Greetings, E.T. (Please Don’t Murder Us.)

If you believe that these broadcasts have a plausible chance of making contact with an alien intelligence, the choice to send them must rank as one of the most important decisions we will ever make as a species. Are we going to be galactic introverts, huddled behind the door and merely listening for signs of life outside? Or are we going to be extroverts, conversation-starters? And if it’s the latter, what should we say?

So much good stuff in this article...

What makes the Drake Equation so mesmerizing is in part the way it forces the mind to yoke together so many different intellectual disciplines in a single framework. As you move from left to right in the equation, you shift from astrophysics, to the biochemistry of life, to evolutionary theory, to cognitive science, all the way to theories of technological development. Your guess about each value in the Drake Equation winds up revealing a whole worldview: Perhaps you think life is rare, but when it does emerge, intelligent life usually follows; or perhaps you think microbial life is ubiquitous throughout the cosmos, but more complex organisms almost never form. The equation is notoriously vulnerable to very different outcomes, depending on the numbers you assign to each variable.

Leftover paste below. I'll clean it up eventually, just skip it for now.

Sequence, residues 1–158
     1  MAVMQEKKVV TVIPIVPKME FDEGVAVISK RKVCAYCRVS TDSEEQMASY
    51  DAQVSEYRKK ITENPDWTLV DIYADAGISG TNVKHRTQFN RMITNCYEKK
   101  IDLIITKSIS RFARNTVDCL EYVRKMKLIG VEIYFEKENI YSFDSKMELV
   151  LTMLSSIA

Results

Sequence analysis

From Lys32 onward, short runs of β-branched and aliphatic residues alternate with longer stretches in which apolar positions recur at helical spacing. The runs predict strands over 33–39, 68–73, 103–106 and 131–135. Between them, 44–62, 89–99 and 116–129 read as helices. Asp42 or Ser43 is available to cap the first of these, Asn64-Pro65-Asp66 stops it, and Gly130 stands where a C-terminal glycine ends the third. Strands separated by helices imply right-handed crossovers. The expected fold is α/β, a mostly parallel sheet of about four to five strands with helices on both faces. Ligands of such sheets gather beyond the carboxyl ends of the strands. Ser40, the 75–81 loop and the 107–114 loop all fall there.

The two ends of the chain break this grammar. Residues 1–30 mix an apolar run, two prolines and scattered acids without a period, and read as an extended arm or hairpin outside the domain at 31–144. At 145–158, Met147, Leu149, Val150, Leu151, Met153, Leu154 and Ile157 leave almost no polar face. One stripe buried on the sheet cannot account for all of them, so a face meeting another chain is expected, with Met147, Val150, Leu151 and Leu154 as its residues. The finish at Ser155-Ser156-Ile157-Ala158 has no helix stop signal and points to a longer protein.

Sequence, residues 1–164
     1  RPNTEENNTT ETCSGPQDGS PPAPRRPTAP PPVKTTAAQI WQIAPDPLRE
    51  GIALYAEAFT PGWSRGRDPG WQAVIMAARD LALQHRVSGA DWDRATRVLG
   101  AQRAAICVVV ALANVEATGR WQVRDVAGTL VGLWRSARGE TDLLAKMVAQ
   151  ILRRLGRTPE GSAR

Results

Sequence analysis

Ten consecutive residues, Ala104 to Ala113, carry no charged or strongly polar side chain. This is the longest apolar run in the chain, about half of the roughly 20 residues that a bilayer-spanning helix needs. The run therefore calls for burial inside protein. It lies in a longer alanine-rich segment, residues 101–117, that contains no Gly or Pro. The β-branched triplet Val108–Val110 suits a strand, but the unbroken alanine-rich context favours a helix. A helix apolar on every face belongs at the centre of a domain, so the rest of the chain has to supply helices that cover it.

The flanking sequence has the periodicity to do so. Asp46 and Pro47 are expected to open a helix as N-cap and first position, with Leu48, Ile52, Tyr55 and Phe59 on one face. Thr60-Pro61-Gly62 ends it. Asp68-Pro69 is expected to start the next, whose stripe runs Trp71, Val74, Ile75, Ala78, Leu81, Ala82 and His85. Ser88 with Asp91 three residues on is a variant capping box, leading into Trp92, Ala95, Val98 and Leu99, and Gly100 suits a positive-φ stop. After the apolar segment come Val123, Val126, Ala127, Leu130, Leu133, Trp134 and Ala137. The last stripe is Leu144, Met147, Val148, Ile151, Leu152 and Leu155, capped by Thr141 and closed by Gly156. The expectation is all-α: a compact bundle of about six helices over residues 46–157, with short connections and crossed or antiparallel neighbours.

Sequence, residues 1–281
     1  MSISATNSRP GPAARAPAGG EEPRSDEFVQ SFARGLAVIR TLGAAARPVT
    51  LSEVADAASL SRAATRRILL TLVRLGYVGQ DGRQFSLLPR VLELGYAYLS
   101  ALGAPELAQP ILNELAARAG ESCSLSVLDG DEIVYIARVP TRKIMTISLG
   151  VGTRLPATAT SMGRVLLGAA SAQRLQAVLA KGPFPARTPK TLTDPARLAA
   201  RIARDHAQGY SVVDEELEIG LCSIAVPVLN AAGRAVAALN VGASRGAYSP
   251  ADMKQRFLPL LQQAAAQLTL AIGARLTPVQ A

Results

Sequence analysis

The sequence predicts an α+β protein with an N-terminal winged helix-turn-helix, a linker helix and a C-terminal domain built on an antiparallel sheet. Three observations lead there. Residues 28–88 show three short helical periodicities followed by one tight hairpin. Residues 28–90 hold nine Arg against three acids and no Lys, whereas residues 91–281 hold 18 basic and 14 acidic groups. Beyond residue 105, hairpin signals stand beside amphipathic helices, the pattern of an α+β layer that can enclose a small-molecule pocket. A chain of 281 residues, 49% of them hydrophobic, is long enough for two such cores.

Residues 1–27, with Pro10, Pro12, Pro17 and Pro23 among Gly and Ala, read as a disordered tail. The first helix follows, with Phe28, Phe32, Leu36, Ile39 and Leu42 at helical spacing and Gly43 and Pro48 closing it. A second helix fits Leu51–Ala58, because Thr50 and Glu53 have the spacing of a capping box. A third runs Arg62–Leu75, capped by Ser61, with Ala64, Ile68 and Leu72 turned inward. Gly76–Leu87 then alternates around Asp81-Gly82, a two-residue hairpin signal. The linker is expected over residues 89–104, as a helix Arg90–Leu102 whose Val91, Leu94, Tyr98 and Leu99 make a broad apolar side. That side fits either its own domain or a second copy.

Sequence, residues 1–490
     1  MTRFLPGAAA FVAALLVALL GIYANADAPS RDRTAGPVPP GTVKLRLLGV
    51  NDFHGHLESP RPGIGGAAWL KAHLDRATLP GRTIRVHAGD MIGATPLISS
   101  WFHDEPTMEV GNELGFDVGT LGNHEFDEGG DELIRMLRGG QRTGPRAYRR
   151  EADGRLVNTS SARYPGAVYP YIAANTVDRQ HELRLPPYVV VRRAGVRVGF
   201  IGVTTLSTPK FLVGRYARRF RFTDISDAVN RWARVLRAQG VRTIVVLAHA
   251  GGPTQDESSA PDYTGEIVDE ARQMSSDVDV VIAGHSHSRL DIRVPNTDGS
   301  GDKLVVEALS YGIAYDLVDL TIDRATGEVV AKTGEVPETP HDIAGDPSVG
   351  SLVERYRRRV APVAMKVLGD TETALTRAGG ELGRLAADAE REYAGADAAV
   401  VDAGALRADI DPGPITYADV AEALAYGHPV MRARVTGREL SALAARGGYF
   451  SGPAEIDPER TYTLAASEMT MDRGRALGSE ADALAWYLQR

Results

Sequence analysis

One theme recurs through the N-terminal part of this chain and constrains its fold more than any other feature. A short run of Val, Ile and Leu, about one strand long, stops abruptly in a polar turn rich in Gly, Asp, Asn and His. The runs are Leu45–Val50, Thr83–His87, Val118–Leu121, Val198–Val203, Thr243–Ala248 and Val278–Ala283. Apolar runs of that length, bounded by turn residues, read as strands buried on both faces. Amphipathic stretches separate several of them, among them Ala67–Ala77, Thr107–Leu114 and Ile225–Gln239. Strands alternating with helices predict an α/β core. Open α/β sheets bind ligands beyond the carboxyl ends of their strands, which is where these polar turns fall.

The most provocative value is the last one: L, the average life span of a signal-transmitting civilization. You don’t have to be a Pollyanna to defend a relatively high L value. All you need is to believe that it is possible for civilizations to become fundamentally self-sustaining and survive for millions of years. Even if one in a thousand intelligent life-forms in space generates a million-year civilization, the value of L increases meaningfully. But if your L-value is low, that implies a further question: What is keeping it low? Do technological civilizations keep flickering on and off in the Milky Way, like so many fireflies in space? Do they run out of resources? Do they blow themselves up?